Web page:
In the months since Hurricanes Charley, Frances, Ivan and Jeanne struck Florida, impacted counties and towns have been working to restore their damaged roads, airports, schools, hospitals, water treatment facilities, waste water systems and emergency services.
Under the Department of Homeland Security’s Federal Emergency Management Agency (FEMA) public assistance program, state, local and non-profit entities can apply for the reimbursement of costs for debris removal, emergency protective measures and permanent restoration in counties declared major disasters by the president. For the Florida hurricanes, the federal government is reimbursing 90 percent of these eligible costs; state and local governments will pay the remaining 10 percent.
More than 2,600 state, local and non-profit entities applied for FEMA’s public assistance grants. The federal agency currently has obligated more than $371 million to the state of Florida to release to applicants – and that number will increase as thousands of project requests are reviewed.
The federal grant reimbursement program is based on a partnership between FEMA, state and local officials. After local officials identify damage and start project work, they work with state and FEMA officials to submit required documentation. Once approved, FEMA sends obligated funds to the state to disperse to applicants. Generally, requests are reviewed on a first-come-first-serve basis.
Unlike the faster disbursement for individual assistance immediately following disasters, federal regulations mandate both federal and state governments approve public assistance projects before any federal taxpayer dollars may be disbursed.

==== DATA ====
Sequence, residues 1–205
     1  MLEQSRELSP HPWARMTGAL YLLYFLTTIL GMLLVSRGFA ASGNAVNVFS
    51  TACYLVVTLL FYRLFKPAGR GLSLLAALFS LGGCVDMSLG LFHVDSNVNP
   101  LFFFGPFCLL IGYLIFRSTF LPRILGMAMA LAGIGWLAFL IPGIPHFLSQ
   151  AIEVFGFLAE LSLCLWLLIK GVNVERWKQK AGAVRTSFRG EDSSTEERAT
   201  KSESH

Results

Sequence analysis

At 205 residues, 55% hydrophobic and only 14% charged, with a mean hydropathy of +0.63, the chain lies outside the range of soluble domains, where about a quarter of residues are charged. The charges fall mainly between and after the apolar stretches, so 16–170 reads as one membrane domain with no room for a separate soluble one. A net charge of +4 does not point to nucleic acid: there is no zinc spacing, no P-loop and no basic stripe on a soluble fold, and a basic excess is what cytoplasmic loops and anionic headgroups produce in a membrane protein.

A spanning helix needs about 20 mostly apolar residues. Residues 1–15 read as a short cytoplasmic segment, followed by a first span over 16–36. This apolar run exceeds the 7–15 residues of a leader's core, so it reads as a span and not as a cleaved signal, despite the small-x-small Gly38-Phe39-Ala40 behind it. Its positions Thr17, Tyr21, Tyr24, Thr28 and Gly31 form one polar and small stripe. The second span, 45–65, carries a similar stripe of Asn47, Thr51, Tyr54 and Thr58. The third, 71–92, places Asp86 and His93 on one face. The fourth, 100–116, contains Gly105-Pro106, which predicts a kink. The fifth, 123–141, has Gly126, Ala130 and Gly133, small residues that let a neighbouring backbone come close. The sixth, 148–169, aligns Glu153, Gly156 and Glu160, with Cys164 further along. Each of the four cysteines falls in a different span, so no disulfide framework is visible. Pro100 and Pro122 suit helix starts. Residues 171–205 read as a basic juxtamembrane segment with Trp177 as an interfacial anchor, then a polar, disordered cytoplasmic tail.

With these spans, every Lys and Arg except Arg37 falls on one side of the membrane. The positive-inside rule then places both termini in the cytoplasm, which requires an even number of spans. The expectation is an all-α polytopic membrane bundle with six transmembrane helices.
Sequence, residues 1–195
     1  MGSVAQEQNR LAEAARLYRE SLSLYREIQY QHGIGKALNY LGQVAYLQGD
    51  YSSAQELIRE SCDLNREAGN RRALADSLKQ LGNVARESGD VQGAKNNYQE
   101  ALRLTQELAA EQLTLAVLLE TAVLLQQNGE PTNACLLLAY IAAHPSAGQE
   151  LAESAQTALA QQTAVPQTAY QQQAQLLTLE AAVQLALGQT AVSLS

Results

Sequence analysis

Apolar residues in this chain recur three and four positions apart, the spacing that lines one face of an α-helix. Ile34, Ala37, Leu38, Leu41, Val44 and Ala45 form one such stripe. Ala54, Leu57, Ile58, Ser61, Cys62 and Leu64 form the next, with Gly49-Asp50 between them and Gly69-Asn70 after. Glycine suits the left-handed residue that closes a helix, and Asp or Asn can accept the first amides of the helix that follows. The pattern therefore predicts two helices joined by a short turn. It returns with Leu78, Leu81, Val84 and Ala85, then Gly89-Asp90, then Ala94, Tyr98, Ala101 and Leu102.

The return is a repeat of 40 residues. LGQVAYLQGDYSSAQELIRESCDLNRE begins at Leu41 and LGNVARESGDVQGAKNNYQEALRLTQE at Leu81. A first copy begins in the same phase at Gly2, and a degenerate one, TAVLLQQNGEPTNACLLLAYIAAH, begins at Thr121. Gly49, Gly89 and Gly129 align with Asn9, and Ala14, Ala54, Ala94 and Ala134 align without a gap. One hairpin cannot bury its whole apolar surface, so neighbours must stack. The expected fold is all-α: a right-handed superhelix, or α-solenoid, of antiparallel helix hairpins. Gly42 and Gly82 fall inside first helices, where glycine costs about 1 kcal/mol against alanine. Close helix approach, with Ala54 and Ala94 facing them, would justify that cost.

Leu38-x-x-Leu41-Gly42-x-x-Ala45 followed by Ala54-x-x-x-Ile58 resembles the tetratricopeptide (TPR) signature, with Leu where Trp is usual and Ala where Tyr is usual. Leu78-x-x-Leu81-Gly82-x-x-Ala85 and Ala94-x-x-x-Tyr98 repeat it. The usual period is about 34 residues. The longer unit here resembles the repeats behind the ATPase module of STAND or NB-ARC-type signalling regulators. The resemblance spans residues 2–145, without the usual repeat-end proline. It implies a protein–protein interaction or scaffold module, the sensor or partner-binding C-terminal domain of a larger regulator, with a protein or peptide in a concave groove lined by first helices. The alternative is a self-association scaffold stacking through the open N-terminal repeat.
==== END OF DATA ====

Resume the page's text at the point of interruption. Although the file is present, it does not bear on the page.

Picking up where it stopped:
Once a project is approved, if it is less than $54,100, the state will process the payment automatically; if it is greater than that, it is usually reimbursed on a pay-as-you-go basis, with bills for each segment of completed work required for submission and approval by the state and federal governments.
“Project applications are being reviewed as quickly as possible so funds can be directed to local governments and agencies to make needed repairs,” said Craig Fugate, state coordinating officer, who heads the State Emergency Response Team (SERT). “Funds have been obligated, and local governments will see an increase in the flow of monies as the applications are completed for the reimbursement of eligible expenses.”
For project requests larger than $1 million, FEMA is required to notify Congress. During this process, FEMA headquarters, the Department of Homeland Security, Office of Management and Budget and then Congress must review the project before funds are released to the state for dispersal.
“Quality reviews must be performed when allotting taxpayer money,” said Bill Carwile, federal coordinating officer with FEMA. “Questions about accuracy and insufficient paperwork will slow the process, as we try to ensure all dollars are dispensed appropriately.”
Grant denials can be appealed within 60 days after an initial decision. Appeals are first evaluated by the state within 60 days and then forwarded to FEMA’s regional director for a decision within 90 days. If a second appeal is made, the appeal again goes to the state for a recommendation and then on to FEMA headquarters for review by the director of the Recovery Division and the head of FEMA for a final decision.
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